Tropical Depression Two was a tropical depression that did not reach tropical storm status during the 1991 Atlantic hurricane season. The cyclone developed on July 5 in the western Gulf of Mexico while located east of the Mexican coastline. The cyclone was short-lived, and moved inland on July 6, dissipating that same day over the mountains of Mexico.
The depression caused no damage and no deaths.
|Formation||July 5, 1991|
|Dissipation||July 6, 1991|
|Highest winds||35 mph|
|Lowest pressure||1003 mbar|
|Part of the||1991 Atlantic hurricane season|
Tropical Depression Two's origins are rather speculative, but an area of disturbed weather, possibly in association with a westward-moving tropical wave, was noted over the west-central Gulf of Mexico on July 4. On July 5, the some low- to mid-level cyclonic turning was evident within the system while it was located in the western Gulf of Mexico east of the northeastern coast of Mexico. Based on the aforementioned cyclonic turning, along with the development of upper-level outflow, the system is estimated to have become a tropical depression on the afternoon of July 5. The cyclone was short-lived, and it made landfall along the northeastern Mexican coastline with winds of 35 mph on July 6. The depression dissipated that same day over the mountains of Mexico. Before landfall, 45 to 50 mph flight-level winds were noted via reconnaissance aircraft to be in a small area near the cyclone's center. However, the National Hurricane Center felt that this was not evidence enough to designate the system a tropical storm.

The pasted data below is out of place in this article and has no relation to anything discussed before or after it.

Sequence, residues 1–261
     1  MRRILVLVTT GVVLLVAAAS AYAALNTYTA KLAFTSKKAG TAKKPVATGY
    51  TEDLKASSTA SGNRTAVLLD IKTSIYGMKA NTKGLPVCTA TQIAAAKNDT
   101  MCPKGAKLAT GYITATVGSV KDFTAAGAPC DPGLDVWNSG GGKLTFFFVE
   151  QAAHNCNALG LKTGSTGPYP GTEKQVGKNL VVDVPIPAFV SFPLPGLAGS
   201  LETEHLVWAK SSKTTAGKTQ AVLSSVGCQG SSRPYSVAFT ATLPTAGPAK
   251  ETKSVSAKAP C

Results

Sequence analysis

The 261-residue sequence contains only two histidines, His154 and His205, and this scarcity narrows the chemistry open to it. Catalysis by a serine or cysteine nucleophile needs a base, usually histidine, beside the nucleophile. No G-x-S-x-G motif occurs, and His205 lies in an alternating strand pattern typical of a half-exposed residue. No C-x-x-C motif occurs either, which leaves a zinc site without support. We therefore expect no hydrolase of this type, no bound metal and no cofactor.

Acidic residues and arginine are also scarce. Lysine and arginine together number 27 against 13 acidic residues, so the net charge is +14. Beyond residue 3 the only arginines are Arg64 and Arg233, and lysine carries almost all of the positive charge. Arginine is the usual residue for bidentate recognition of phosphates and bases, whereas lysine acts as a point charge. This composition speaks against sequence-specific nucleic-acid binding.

A Tropical Storm Watch, and later a warning, was issued from Baffin Bay, Texas to Tampico, Mexico, due to the small chance that the depression would become a tropical storm. The watches and warnings were discontinued later that day as the cyclone moved inland.
Although a detailed impact is unknown, it is likely that locally heavy rainfall occurred in northeastern Mexico, particularly in mountainous areas. It is also possible that an approaching upper-level trough that was over Texas at the time, pulled in some of the dissipating depression's moisture into south Texas while the storm itself was located over northeastern Mexico. This increase in rainfall across south Texas may have produced some locally heavy rainfall.